Facades and facets
Architecture in Düsseldorf
Architecture in Düsseldorf is a celebration of diversity, which can be enjoyed in just a few square kilometres. It is only a ten-minute bike ride from the three organic shapes of the iconic Frank O. Gehry buildings in the MedienHafen to the architectural synergy of the Kö-Bogen I and II at the top of Königsallee, with which the New York star architect Daniel Libeskind together with the renowned Düsseldorf Ingenhoven office made their mark.
Kö Bogen II
Europe's largeste green facade
There are two more definitive landmarks right next to the Kö-Bogen: the Dreischeiben skyscraper, which has been soaring 94 metres into the sky since 1960 as a symbol of the economic miracle, and its antithesis, the Düsseldorf Schauspielhaus with its white, curved facade. The Tonhalle and Ehrenhof, Carsch House, Wilhelm Marx House and Behrensbau on the banks of the Rhine all bear witness to the fact that Düsseldorf was already thinking big in the first quarter of the 20th century. If you want to travel further back in history, you can enjoy the sumptuous legacy left by Elector Karl Theodor von der Pfalz, who enriched the city with the Benrath Palace in the south and Jägerhof Palace in the central Hofgarten.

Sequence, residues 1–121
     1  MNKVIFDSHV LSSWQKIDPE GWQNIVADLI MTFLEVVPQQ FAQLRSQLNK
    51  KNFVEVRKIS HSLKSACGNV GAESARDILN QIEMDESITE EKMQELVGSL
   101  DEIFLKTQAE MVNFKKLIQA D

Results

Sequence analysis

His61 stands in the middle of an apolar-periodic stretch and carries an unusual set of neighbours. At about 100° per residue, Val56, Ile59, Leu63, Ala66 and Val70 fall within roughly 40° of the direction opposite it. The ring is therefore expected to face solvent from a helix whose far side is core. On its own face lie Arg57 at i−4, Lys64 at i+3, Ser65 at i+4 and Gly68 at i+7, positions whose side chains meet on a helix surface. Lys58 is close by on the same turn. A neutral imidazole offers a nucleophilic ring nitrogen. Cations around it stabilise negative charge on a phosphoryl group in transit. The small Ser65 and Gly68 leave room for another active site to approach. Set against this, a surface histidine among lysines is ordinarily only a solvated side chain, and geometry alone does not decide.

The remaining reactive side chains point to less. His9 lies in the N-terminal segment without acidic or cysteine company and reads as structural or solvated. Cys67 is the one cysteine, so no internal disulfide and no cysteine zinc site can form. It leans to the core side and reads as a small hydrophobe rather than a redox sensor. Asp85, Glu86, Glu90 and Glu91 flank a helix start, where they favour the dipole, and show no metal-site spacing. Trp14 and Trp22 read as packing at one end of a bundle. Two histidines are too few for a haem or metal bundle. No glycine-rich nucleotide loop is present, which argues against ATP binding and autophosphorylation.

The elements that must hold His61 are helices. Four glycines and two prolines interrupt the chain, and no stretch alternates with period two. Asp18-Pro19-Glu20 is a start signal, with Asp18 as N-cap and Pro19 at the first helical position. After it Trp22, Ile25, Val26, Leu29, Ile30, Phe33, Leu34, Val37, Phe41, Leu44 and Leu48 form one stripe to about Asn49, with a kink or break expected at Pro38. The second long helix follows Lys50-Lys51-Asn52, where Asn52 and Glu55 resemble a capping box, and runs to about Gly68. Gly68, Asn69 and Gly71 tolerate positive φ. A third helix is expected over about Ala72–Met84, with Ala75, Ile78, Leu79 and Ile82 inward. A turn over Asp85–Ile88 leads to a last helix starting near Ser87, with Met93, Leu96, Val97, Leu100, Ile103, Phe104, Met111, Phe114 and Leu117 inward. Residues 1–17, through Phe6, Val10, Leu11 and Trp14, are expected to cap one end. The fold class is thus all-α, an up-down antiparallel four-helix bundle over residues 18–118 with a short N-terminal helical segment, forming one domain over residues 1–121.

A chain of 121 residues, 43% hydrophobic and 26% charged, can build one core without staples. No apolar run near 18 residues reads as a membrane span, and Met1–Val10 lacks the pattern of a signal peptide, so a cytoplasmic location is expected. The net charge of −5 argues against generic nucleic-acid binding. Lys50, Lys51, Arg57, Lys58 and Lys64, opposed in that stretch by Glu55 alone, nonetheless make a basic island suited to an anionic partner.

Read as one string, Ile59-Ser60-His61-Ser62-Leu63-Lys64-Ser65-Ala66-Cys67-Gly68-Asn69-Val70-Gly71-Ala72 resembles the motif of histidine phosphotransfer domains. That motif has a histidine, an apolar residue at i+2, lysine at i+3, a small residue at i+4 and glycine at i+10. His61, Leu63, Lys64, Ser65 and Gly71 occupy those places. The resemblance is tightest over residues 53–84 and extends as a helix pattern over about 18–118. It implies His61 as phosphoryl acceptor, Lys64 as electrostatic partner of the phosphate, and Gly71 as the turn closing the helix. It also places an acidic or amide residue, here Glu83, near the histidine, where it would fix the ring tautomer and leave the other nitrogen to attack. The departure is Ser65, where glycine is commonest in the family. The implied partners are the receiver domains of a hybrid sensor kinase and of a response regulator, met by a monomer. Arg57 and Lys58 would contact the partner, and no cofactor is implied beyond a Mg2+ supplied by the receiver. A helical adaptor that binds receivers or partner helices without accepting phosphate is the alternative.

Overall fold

What was once an industrial wasteland has become a cutting-edge landmark
Düsseldorf is brimming with architectural highlights, most of which can be seen in the Medienhafen - an absolute must for architecture lovers. You will not only be able to see the organic Frank O. Gehry building ensemble, which has long been a spectacular landmark on the Düsseldorf skyline, but also the sleek Sign skyscraper of Helmut Jahn and the vitreous Stadttor. The newest kid on the block is the Float Building in Holzstrasse which was designed by Renzo Piano. For anyone who wants to discover the many facets of the MedienHafen: Düsseldorf Tourismus regularly organises architectural tours.